In India, there are more than 11.2 million people aged 40 years or more, afflicted with glaucoma and the concerning part is that without therapy they have the chances of going blind. It is a daunting problem India faces with the rate of undiagnosed glaucoma cases standing at a staggering 90 per cent as compared to 40-60 per cent in the developed world.
Awareness about glaucoma is extremely poor in both urban and rural communities. In the early stages of the disease, only peripheral vision is affected and hence patient may not notice any changes since the central vision remains intact. Hence patients may not seek check-ups until the disease is more advanced. Routine eye check-ups hold the key for glaucoma detection since the disease affects a patient without noticeable symptoms. Early detection and awareness are the best ways to keep the eyes safe from glaucoma.
As World Glaucoma Day is approaching, let's understand the causes of this disease and how we can prevent it or reduce the risk.
Glaucoma refers to a group of eye diseases that cause optic nerve damage. The primary culprit in the case of glaucoma is intraocular eye pressure that can damage the nerve fibres in the optic nerve. This can cause blind spots which remain permanently. When it is left untreated, glaucoma can progress further and result in total blindness.
The importance of routine eye check-ups
One of the effective ways to detect and treat glaucoma is through regular eye check-ups. The eye exam usually consists of a measurement of eye pressure, an evaluation of the optic nerve, the drainage angle of the eye and a test of the visual field of each eye.
An early eye examination can help an ophthalmologist to detect certain changes in the eye that might hint at the development of early-stage glaucoma. Routine eye check-ups can also help in the detection of co-morbidities such as diabetes and hypertension.
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It is equally important for people who wear spectacles but experience constant discomfort to get their eyes tested. With the pandemic disrupting lives across the globe, screen time for people has increased considerably due to work-from-home routines and online classes. Eye strain and eye problems have become quite common which again emphasise on the importance of regular eye exams. In a country like India where 70 per cent of the population is in the rural areas, awareness of glaucoma makes a lot of difference in the prevention, early detection and management of the disease.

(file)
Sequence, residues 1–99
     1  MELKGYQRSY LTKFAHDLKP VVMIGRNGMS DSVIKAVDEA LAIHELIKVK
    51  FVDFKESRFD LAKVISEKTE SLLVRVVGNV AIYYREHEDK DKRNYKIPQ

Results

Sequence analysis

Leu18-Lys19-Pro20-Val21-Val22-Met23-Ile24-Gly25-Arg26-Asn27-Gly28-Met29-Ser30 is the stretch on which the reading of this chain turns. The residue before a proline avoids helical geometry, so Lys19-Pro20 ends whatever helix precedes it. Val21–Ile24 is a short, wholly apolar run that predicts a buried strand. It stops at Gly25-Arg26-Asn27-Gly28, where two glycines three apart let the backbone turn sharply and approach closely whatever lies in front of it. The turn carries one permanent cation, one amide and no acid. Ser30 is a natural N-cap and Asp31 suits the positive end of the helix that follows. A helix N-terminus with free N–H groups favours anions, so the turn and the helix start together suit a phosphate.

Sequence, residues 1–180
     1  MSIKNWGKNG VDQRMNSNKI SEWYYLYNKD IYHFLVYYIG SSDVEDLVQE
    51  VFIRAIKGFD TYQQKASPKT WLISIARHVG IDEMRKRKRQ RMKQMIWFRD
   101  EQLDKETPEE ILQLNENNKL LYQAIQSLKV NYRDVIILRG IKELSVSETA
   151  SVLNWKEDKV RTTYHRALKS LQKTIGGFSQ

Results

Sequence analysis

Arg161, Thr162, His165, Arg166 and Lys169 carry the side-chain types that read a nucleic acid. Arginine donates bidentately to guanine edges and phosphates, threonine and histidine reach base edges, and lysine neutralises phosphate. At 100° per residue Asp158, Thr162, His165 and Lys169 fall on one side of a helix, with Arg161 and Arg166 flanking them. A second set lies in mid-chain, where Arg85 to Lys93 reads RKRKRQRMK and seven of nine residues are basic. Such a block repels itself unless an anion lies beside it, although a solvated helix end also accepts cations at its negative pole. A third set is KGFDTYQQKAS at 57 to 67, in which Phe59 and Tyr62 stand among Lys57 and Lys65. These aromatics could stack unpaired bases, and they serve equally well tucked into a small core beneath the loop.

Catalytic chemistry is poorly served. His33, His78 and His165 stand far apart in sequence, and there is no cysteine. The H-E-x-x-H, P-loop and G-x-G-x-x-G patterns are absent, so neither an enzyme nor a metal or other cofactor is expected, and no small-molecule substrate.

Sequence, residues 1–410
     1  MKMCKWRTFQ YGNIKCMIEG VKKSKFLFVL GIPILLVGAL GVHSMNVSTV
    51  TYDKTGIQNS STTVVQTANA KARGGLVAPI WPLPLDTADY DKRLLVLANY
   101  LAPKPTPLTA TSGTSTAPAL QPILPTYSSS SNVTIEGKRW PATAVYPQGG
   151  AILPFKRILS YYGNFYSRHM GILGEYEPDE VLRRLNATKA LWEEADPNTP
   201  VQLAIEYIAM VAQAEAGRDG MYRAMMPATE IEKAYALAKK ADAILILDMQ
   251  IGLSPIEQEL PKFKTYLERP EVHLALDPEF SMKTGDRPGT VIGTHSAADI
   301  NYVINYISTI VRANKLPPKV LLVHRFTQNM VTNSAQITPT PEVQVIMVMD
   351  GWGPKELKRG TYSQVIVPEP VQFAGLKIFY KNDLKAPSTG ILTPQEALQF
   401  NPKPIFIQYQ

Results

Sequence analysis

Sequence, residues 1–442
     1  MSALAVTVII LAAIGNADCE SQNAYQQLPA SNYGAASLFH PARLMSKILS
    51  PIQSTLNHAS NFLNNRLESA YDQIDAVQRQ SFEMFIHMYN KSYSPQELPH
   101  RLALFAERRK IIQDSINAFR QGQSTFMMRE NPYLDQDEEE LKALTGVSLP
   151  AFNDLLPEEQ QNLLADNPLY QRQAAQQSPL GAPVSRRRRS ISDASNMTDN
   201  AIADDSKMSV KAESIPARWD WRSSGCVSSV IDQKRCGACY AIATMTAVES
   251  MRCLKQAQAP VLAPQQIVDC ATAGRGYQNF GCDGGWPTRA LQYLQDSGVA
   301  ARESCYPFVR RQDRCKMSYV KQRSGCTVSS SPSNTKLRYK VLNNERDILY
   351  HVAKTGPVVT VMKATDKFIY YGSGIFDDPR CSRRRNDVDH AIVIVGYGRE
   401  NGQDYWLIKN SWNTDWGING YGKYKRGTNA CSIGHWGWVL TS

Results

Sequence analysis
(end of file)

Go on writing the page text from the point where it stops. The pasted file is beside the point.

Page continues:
How often an eye check-up is needed
For both kids and adults, a regular eye exam is a crucial part of maintaining overall health and making the vision last for a lifetime. Here's a look at guidelines concerning the timing of the eye test:
Age 6 months
Age 3 years
Age 5 or 6 years Before joining the school and every two years beyond that
Age 18 to 40 years At least every 2 years
Age 41 years and older At least once a year
In case of elderly At least once in a year or in case of any eye-related issues
While routine eye examinations are certainly the way to reduce the burden of glaucoma in the country, awareness and education is the key to increase its prevalence among the public. Eye health education that influences people to take part in regular ophthalmologic care might be a significant step in the early diagnosis of glaucoma. People within the population who are at severe risk for both developing glaucoma and having inadequate knowledge about it need to be recognized and targeted in order to use the resources most efficiently for public education.
World Glaucoma Day is observed every year on March 12 with an aim to eliminate blindness caused by this disease by raising awareness and alerting everyone to have regular eye check-ups to detect it as early as possible.
The article is contributed by Dr. Chanda Hingorani, Glaucoma Consultant at Nuvision Eyecare & Glaucoma Centre, Mumbai.